On its own, the soup is a punch of health, a soothing bowl of bright, fiery broth—it's basically a hot green juice, with extra chile. But, as Swanson told me, "The other thing that makes it great is the way it's wonderful on its own, but also great over just about whatever you've got on hand, making a one-bowl meal a breeze." Adapted slightly from Near & Far (Ten Speed Press, September 2015).
Serve with: poached eggs, hot white beans, soba noodles, or brown rice. And top with: chopped black olives, lemon wedges, toasted almonds, shaved green onions, or roasted, sliced mushrooms (or other oven-roasted vegetable). —Genius Recipes
As the water heats, combine the garlic, basil, cilantro, mint, ginger, olive oil, chiles, almonds, salt, lemon zest, and honey in a food processor. Blend until smooth, thinning with a couple of tablespoons of cold water and scraping down the sides along the way, until the mixture becomes as smooth as possible.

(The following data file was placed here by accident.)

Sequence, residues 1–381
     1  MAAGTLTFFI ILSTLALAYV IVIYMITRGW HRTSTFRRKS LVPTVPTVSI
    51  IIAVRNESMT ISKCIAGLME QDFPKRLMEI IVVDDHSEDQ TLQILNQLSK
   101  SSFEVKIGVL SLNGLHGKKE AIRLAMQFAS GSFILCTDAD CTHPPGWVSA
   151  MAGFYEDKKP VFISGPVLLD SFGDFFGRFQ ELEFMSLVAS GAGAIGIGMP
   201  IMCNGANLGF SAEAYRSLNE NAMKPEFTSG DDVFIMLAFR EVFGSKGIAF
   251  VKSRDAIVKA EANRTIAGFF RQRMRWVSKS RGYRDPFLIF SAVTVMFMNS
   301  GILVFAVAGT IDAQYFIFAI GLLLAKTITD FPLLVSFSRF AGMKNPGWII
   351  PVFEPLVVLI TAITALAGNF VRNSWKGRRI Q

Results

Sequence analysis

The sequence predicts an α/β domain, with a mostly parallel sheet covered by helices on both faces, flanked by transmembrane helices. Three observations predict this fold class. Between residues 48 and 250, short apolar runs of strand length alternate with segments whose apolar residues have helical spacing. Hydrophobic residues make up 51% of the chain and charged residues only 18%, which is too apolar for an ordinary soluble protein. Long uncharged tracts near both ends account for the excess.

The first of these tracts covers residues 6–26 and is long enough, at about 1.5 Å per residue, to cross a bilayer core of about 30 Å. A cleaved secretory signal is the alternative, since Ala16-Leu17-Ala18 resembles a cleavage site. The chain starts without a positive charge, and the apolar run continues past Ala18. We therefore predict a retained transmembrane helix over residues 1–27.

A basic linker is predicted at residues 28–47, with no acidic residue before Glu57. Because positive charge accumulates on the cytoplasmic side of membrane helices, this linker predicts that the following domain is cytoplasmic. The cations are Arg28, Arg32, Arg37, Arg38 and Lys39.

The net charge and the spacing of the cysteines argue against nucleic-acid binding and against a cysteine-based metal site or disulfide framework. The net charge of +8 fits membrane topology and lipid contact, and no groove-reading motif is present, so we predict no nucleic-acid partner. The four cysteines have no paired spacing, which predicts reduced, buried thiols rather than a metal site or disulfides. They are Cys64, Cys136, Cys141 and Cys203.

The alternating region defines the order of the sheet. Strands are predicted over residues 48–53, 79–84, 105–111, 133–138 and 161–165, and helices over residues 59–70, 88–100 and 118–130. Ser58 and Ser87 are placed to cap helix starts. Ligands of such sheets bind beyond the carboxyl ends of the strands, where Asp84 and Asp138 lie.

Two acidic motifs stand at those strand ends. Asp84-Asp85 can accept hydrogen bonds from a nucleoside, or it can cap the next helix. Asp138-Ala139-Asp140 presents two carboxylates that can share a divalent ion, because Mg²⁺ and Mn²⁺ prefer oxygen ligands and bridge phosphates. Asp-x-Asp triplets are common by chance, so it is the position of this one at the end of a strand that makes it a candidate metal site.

Taste and adjust to your liking; the paste should be strong and spicy.
Just before serving, add the paste to the simmering water and stir well. Dial back the heat at this point; you don't want it to return to a simmer, but you do want it very hot.
Taste and adjust the seasoning—a bit more salt or a squeeze of lemon juice. (Editors' note: Don't skimp on the lemon!) Ladle into bowls with your chosen accompaniment and enjoy on its own or topped with any of the suggested toppings.
Genius recipes surprise us and make us rethink cooking tropes. They're handed down by luminaries of the food world and become their legacy. They get us talking and change the way we cook. And, once we've folded them into our repertoires, they make us feel pretty genius too. Watch for new Genius Recipes every Wednesday morning on our blog, dug up by Food52's Creative Director Kristen Miglore.